It's often called pre-echo or print through. It may be caused by the cutting stylus slightly deforming the adjacent groove when the record is being cut, or some say by magnetism of the master tape affecting other segments of the tape when wound and stored on the spool. In either case I do not believe it can be affected by the playback stylus, and when it exists it is inherent in the specific record pressing. Hope this helps!
Bill, that's the best answer I've heard, so thank you. I've heard everything from azimuth adjustment to non-virgin vinyl.
I get this affect, for example, with the Pure Pleasure re-issue of Stevie Ray Vaughan's Couldn't Stand the Weather. Now that I know the reason for this, it upsets me to pay a premium price for a premium re-issue that's not premium-pressed!
Sometimes it's overdubbing echoes heard on high quality pick-up.
What I usually hear, faintly, is the beginning of the track right before it actually starts playing.
From what I have always heard thru the years, Bill K, provided a short and precise answer. But it does add to the question: Why does vinyl sound better? It seems to have so many things against it. From the ever narrowing bandwidth from the outer groove to the inner groove, the surface noise, the tracking issues that exist just on the physical limitations of a stylus virtually banging its way side to side and up and down as it makes it way thru the groove. The list goes on, in fact Fremer addresses these issues in an article about a year or so ago. So WHY does vinyl sound so good? And now we add the pre-echo that must be present thru-out the whole playing surface, but some how we don't hear it except at the begining of a track, where it is silent enough to be heard. I personnaly am amazed at how much information a cartridge and tonearm can extract from this little squiggley groove and as much amazed at how much information is in those little squiggley grooves. And the more you can afford to spend on equipment, the more you discover. I guess that is a part of the attraction of this hobby in the first place. I paralel it to better and stronger optics and studying the stars. Who knows how much we are missing, if only we can equip ourselves better to hear or see it? Old technology sounds better than new technology, maybe it is due to our listing devices are old technology as well, our ears.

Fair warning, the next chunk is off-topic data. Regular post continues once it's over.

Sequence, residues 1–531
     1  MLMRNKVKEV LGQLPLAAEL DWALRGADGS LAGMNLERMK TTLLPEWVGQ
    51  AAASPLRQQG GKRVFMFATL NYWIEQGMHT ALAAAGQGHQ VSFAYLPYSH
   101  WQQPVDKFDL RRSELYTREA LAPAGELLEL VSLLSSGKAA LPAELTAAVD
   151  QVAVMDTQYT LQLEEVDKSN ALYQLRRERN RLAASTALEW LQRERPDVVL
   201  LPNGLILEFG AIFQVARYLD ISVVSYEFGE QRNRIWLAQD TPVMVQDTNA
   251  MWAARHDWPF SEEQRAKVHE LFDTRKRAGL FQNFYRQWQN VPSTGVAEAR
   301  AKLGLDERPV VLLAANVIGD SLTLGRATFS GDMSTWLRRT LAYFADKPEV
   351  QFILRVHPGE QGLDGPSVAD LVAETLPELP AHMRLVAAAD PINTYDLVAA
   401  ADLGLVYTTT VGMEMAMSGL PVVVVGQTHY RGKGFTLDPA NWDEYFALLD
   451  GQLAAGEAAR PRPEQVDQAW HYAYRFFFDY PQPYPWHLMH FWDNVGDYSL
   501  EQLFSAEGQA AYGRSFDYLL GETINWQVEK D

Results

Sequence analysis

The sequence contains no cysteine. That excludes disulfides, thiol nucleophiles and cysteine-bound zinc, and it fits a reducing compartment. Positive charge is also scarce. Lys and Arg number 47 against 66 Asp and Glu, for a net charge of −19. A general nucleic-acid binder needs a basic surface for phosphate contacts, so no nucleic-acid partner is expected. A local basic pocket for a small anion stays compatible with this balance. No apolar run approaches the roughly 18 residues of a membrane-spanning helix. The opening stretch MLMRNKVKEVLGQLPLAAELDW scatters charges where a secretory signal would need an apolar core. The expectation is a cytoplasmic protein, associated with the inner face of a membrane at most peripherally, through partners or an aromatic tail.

It's usually not a pressing issue but a tape storage issue. The print through being the result of adjacent wraps of tape on the reel magnetizing one another. The only choice would be not to reissue that particular tape, or to try to locate a safety master that was stored differently, or has a different tape formulation. It's a crap shoot, at best.
The reason that many original issues sound better than modern reissues is that magnetic tape can be very volitile, and we are speaking of tape that is 30-50 years old. I hear drop outs, print through and other artifacts on many modern reissues that are simply not there on the original pressings.
No care in pressing a record, the best press, tape deck, finest formulation, etc., is ever going to compensate for a degraded tape.
The cause is bleed through of the master tape.
If it is the "tape" this would reason that all of the vinyl pressings from that tape would suffer the same result. Would it not?